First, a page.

Last Friday (March 3, 2017), the High Performance Computing for Manufacturing (HPC4Mfg) program held an industry engagement day workshop in San Diego, bringing together members of the US manufacturing community, national laboratories and universities to discuss the role of high-performance computing as an innovation engine for American manufacturing. Read more…

By Tiffany Trader

For IBM/OpenPOWER: Success in 2017 = (Volume) Sales

January 11, 2017

To a large degree IBM and the OpenPOWER Foundation have done what they said they would – assembling a substantial and growing ecosystem and bringing Power-based products to market, all in about three years. Read more…

By John Russell

TSUBAME3.0 Points to Future HPE Pascal-NVLink-OPA Server

February 17, 2017

Since our initial coverage of the TSUBAME3.0 supercomputer yesterday, more details have come to light on this innovative project. Of particular interest is a new board design for NVLink-equipped Pascal P100 GPUs that will create another entrant to the space currently occupied by Nvidia's DGX-1 system, IBM's "Minsky" platform and the Supermicro SuperServer (1028GQ-TXR). Read more…

By Tiffany Trader

Tokyo Tech’s TSUBAME3.0 Will Be First HPE-SGI Super

February 16, 2017

In a press event Friday afternoon local time in Japan, Tokyo Institute of Technology (Tokyo Tech) announced its plans for the TSUBAME3.0 supercomputer, which will be Japan’s “fastest AI supercomputer,” Read more…

By Tiffany Trader

IBM Wants to be “Red Hat” of Deep Learning

January 26, 2017

IBM today announced the addition of TensorFlow and Chainer deep learning frameworks to its PowerAI suite of deep learning tools, which already includes popular offerings such as Caffe, Theano, and Torch. Read more…

By John Russell

Lighting up Aurora: Behind the Scenes at the Creation of the DOE’s Upcoming 200 Petaflops Supercomputer

December 1, 2016

In April 2015, U.S. Department of Energy Undersecretary Franklin Orr announced that Intel would be the prime contractor for Aurora: Read more…

By Jan Rowell

Is Liquid Cooling Ready to Go Mainstream?

February 13, 2017

Lost in the frenzy of SC16 was a substantial rise in the number of vendors showing server oriented liquid cooling technologies. Three decades ago liquid cooling was pretty much the exclusive realm of the Cray-2 and IBM mainframe class products. That’s changing. We are now seeing an emergence of x86 class server products with exotic plumbing technology ranging from Direct-to-Chip to servers and storage completely immersed in a dielectric fluid. Read more…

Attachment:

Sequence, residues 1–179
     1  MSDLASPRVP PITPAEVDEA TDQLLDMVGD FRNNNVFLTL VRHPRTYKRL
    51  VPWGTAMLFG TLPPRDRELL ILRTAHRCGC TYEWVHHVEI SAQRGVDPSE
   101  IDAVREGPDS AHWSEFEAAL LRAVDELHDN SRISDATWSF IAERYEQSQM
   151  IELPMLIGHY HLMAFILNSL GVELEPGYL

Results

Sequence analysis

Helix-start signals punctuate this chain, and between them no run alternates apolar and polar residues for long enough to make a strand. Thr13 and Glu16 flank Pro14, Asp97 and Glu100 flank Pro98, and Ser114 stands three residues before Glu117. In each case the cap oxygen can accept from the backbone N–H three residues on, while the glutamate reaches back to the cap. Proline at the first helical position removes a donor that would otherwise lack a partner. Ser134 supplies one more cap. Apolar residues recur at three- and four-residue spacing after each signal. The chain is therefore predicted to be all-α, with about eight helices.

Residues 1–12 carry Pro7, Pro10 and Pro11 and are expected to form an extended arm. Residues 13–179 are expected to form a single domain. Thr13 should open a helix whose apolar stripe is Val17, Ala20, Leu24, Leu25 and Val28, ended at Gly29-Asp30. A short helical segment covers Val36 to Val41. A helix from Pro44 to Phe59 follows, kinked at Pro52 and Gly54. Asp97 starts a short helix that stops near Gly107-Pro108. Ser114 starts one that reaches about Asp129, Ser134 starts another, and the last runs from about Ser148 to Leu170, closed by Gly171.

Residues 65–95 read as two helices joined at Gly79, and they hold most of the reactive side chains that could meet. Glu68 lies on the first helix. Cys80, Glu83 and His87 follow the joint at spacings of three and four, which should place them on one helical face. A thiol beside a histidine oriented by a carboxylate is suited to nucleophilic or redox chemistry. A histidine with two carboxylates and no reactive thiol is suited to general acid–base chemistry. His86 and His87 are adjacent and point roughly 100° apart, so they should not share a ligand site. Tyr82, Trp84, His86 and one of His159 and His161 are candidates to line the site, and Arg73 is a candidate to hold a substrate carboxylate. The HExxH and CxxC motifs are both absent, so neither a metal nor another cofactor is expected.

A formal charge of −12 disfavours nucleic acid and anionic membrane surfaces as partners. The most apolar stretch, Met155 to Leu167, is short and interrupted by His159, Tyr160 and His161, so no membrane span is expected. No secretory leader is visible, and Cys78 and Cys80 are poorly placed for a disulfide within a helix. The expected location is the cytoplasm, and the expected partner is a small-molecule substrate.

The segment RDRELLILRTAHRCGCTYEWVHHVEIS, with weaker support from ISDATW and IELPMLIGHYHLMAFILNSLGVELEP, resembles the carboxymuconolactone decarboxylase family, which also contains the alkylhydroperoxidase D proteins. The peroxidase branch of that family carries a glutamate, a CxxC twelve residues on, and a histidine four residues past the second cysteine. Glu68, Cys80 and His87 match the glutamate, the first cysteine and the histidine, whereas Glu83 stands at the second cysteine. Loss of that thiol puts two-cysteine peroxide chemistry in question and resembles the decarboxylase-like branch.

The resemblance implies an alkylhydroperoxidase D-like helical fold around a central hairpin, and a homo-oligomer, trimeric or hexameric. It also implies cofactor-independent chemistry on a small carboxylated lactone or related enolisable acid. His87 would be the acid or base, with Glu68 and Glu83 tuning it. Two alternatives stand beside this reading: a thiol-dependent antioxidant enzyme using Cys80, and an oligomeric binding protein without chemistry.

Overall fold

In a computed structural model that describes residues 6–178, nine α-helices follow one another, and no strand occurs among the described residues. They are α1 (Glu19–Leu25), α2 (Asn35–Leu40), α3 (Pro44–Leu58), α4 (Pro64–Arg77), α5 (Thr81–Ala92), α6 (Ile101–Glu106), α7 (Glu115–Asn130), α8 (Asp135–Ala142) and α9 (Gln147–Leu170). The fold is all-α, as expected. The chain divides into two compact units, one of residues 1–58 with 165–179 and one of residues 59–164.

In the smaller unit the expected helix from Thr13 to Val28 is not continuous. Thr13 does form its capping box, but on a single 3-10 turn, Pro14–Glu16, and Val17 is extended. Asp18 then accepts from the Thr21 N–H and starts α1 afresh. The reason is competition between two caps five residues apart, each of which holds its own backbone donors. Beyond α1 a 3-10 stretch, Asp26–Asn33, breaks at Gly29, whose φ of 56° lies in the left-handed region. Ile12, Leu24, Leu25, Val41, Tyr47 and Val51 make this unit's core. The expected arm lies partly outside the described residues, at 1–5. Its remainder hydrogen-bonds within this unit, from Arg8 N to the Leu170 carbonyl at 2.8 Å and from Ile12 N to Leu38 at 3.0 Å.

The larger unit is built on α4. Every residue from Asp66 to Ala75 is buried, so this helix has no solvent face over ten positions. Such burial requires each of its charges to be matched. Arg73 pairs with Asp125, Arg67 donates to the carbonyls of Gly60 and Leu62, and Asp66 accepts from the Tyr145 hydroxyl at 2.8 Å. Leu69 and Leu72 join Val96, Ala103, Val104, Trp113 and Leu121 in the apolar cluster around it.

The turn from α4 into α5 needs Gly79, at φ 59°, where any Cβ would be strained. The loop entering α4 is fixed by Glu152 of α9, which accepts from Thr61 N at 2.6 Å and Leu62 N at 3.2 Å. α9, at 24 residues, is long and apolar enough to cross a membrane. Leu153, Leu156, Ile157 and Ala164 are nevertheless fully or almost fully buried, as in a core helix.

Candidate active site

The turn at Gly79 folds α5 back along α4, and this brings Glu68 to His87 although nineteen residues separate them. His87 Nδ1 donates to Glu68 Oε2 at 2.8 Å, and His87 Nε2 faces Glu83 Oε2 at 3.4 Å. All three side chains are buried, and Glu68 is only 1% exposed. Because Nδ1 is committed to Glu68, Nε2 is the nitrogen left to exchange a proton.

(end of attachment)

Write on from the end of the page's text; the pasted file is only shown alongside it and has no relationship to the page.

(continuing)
By Steve Campbell

Enlisting Deep Learning in the War on Cancer

December 7, 2016

Sometime in Q2 2017 the first ‘results’ of the Joint Design of Advanced Computing Solutions for Cancer (JDACS4C) will become publicly available according to Rick Stevens. He leads one of three JDACS4C pilot projects pressing deep learning (DL) into service in the War on Cancer. Read more…

By John Russell

BioTeam’s Berman Charts 2017 HPC Trends in Life Sciences

January 4, 2017

Twenty years ago high performance computing was nearly absent from life sciences. Today it’s used throughout life sciences and biomedical research. Genomics and the data deluge from modern lab instruments are the main drivers, but so is the longer-term desire to perform predictive simulation in support of Precision Medicine (PM). There’s even a specialized life sciences supercomputer, ‘Anton’ from D.E. Shaw Research, and the Pittsburgh Supercomputing Center is standing up its second Anton 2 and actively soliciting project proposals. There’s a lot going on. Read more…

By John Russell

Leading Solution Providers

HPC Startup Advances Auto-Parallelization’s Promise

January 23, 2017

The shift from single core to multicore hardware has made finding parallelism in codes more important than ever, but that hasn’t made the task of parallel programming any easier. Read more…

By Tiffany Trader

HPC Technique Propels Deep Learning at Scale

February 21, 2017

Researchers from Baidu’s Silicon Valley AI Lab (SVAIL) have adapted a well-known HPC communication technique to boost the speed and scale of their neural network training and now they are sharing their implementation with the larger deep learning community. Read more…

By Tiffany Trader

Trump Budget Targets NIH, DOE, and EPA; No Mention of NSF

March 16, 2017

President Trump’s proposed U.S. fiscal 2018 budget issued today sharply cuts science spending while bolstering military spending as he promised during the campaign. Read more…

By John Russell

CPU Benchmarking: Haswell Versus POWER8

June 2, 2015

With OpenPOWER activity ramping up and IBM’s prominent role in the upcoming DOE machines Summit and Sierra, it’s a good time to look at how the IBM POWER CPU stacks up against the x86 Xeon Haswell CPU from Intel. Read more…

By Tiffany Trader

IDG to Be Bought by Chinese Investors; IDC to Spin Out HPC Group

January 19, 2017

US-based publishing and investment firm International Data Group, Inc. (IDG) will be acquired by a pair of Chinese investors, China Oceanwide Holdings Group Co., Ltd. Read more…

By Tiffany Trader

US Supercomputing Leaders Tackle the China Question

March 15, 2017

Joint DOE-NSA report responds to the increased global pressures impacting the competitiveness of U.S. supercomputing. Read more…

By Tiffany Trader

Quantum Bits: D-Wave and VW; Google Quantum Lab; IBM Expands Access

March 21, 2017

For a technology that’s usually characterized as far off and in a distant galaxy, quantum computing has been steadily picking up steam. Read more…

By John Russell

Intel and Trump Announce $7B for Fab 42 Targeting 7nm

February 8, 2017

In what may be an attempt by President Trump to reset his turbulent relationship with the high tech industry, he and Intel CEO Brian Krzanich today announced plans to invest more than $7 billion to complete Fab 42. Read more…

By John Russell

  • arrow
  • Click Here for More Headlines
  • arrow
Share This